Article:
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Horticultural Society. —The annual meeting of the Horticultural Society will he held at Mr. Ansteo’s, Tancred street, on Tuesday evening next.

The Raphael Company. —We are informed that Signor Raphael and his talented family intend giving an entertainment in the Town Hall at an early date.

‘ ‘ Walking Extraordinary. ” —Young Glceson, a ped. of some note, is to essay the task ot walking 13 miles in two hours in the Town Hall, Ashburton, this evening. He commences his “journey ” at eight sharp. O.Y.G.—The following appointments in the O.Y.C. arc gazetted James Wilkin, to be lieutenant; and E. W Millet, and J. Stanley Bruce to be sub-lieutenants.' A contingent at Mount Somers and Alford Forest is spoken of.

A New Headpiece.— The C.Y.O. members are no longer to put up with the simple forage cap they wear as a part of their uniform. At a meeting in Christchurch on Thursday it was decided to obtain helmets, of a design to be obtained

by a Committee. Fire. —The weatherboard building used by Mr. Lancaster, for smoking meat, was burned down to-day, destroying .about 3001 b. weight of pork, the property of Air. T. Quill, which had been sent there for curing purposes. It is supposed that the heat was too intense, and that through this cause the woodwork had become ignited.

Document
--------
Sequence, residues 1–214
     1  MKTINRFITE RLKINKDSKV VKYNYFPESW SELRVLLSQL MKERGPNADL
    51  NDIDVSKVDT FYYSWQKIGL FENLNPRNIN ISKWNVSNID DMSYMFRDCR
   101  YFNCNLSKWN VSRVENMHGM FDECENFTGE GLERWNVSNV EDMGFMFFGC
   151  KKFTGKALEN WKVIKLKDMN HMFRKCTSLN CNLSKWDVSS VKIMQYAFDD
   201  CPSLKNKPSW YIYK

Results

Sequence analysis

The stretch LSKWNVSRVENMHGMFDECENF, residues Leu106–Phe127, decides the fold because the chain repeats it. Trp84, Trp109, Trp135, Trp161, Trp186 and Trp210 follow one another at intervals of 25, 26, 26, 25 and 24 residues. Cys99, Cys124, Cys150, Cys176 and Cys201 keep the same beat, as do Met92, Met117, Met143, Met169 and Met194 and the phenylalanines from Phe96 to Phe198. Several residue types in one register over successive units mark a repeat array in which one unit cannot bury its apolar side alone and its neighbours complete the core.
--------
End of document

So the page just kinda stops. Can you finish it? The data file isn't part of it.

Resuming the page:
Reduction of Coursing Licenses. — After a discussion on a letter received from the Hon. Secretary to the Canterbury Coursing Club, asking that the license fee for coursing should lie reduced this season to 55., the Acclimatisation Council at Thursday’s meeting decided to charge a fee of 10s. for the first dog, and ss. for every other dog the bona fide property of one owner.

The Library. —From the number of rer.ders who take advantage of the read-ing-room in connection with the Public Library, we should say the institution is a remarkably popular one, and it is a pity that it should be neglected. Wo note that the library is no longer to be left under the reproach of causing no interest amongst the members, but that a meeting subscribers is to be held on the 13th of May next. Doubtless those who have been agitating reform will attend, and aid in the taking of forward steps, so that any little grievances now existing may be put square. Serious Accident. —Yesterday afternoon, about three o’clock, the young son of Mr. Clark, storekeeper, East Street, while running across the road opposite his father’s shop, and while looking over his shoulder at something behind, ran right under the feet of a passing horse that was drawing a dog-cart. The poor little fellow was knocked down and trod on by the horse, receiving a deep cut on the back of the head. Sir. T. Quill picked up the child, and had him driven to Dr. Ross’s, where his wounds were dressed. The wounds are severe, the skull being slightly fractured, but the doctor thinks the child will recover.